PHNOM PENH - The deputy leader of the Khmer Rouge was “extremely active” in the brutal 1970s regime, a renowned historian told a UN-backed court Wednesday, undermining attempts by the accused to downplay his role.
“Brother Number Two” Nuon Chea, 86, has repeatedly told judges at his atrocities trial that he was mainly in charge of educating fellow cadres and was less powerful than members of a military committee chaired by Khmer Rouge leader Pol Pot.
But giving evidence at his trial Cambodia expert David Chandler, a retired history professor from Australia’s Monash University, painted a strikingly different picture of Nuon Chea’s role in the 1975-1979 regime.
The scholar said the relationship between “Brother Number One” and “Brother Number Two” was the capitalist equivalent of “calling Pol Pot the president and Nuon Chea the CEO of Cambodia”.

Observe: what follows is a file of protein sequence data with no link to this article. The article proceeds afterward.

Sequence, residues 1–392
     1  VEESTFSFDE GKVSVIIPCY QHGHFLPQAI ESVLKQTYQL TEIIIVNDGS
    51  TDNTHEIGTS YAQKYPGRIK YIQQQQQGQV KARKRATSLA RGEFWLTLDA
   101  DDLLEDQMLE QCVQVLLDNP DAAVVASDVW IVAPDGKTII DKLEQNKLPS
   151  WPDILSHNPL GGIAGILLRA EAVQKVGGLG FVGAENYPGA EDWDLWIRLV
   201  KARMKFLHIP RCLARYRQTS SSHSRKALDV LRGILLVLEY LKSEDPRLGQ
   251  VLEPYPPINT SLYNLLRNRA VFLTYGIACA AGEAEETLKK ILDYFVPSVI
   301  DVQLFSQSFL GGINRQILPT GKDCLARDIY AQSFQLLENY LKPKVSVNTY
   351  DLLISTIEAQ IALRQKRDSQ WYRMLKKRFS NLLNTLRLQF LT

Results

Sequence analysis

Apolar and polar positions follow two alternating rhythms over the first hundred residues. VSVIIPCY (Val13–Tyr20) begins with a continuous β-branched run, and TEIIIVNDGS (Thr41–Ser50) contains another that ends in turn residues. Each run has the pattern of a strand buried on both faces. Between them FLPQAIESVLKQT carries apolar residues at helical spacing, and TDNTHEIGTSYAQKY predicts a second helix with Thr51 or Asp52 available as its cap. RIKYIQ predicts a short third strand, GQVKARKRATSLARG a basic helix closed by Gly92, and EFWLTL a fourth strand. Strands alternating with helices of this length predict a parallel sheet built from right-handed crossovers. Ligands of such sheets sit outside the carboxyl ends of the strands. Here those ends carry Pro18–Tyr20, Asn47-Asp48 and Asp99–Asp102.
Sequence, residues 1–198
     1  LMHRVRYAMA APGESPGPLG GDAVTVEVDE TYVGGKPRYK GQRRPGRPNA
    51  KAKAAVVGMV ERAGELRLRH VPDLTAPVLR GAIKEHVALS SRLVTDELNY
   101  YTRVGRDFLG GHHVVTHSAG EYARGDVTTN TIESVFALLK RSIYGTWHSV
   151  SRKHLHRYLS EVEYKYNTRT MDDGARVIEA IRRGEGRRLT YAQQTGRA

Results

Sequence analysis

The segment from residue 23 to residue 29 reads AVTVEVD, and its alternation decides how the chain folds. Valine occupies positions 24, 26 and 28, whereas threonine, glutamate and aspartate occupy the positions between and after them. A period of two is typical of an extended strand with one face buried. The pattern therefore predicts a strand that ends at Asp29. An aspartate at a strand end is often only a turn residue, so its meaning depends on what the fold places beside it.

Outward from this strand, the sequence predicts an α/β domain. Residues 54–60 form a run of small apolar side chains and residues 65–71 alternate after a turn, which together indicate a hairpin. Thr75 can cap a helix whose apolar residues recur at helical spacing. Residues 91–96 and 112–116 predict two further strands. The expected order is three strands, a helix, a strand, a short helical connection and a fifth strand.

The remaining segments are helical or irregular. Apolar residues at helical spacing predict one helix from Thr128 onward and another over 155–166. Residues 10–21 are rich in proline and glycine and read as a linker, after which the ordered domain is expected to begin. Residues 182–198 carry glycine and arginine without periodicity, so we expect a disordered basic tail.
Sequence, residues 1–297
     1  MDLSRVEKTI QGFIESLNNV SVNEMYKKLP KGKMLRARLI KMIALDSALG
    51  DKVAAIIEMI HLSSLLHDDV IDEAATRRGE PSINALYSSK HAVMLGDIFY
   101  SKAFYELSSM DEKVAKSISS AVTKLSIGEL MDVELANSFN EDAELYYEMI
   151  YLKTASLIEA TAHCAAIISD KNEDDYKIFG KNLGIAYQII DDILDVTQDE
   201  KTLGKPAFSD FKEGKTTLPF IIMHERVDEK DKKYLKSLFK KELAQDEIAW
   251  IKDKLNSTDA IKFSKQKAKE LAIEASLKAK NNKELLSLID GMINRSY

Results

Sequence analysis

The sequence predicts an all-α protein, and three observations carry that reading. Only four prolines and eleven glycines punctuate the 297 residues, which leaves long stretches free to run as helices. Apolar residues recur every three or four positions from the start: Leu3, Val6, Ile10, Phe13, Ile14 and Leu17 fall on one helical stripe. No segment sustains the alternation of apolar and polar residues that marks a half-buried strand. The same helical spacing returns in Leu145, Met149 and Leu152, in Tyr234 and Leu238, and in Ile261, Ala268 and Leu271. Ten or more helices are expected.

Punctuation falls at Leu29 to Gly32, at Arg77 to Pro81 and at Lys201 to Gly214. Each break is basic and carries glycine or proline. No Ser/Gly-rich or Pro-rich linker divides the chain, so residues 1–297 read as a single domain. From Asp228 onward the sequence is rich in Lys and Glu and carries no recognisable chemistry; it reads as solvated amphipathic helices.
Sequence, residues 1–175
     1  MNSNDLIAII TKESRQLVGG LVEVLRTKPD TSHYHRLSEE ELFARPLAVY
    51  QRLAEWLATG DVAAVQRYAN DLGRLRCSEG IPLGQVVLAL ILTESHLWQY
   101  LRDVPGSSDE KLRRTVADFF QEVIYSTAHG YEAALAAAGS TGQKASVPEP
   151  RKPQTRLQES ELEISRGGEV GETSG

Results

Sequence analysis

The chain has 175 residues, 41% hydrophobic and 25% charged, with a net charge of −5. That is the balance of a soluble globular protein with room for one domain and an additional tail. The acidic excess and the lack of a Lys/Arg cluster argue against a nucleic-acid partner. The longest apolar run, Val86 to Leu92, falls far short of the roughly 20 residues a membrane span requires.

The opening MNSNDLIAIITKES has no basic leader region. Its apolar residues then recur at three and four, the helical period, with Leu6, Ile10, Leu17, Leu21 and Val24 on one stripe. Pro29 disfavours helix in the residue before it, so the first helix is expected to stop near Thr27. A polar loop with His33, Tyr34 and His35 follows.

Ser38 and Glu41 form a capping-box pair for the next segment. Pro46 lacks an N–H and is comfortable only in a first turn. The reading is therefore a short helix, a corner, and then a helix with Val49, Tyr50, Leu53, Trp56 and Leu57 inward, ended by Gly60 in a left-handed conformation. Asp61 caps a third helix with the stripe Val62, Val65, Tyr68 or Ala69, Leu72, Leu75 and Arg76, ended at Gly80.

“It’s certainly in his interest to diminish the range of his activities... but I think the evidence is overwhelming that he was extremely active in many, many spheres of the regime... including military affairs,” Chandler said.
Led by Pol Pot, who died in 1998, the hardline communist Khmer Rouge emptied cities, abolished money and religion and wiped out up to two million people through starvation, overwork or execution in a bid to create an agrarian utopia.
Nuon Chea and his co-defendants – ex-foreign minister Ieng Sary and former head of state Khieu Samphan – deny charges of war crimes, genocide and crimes against humanity.
Chandler, the author of several books on Cambodia including a biography of Pol Pot, will continue giving evidence on Thursday.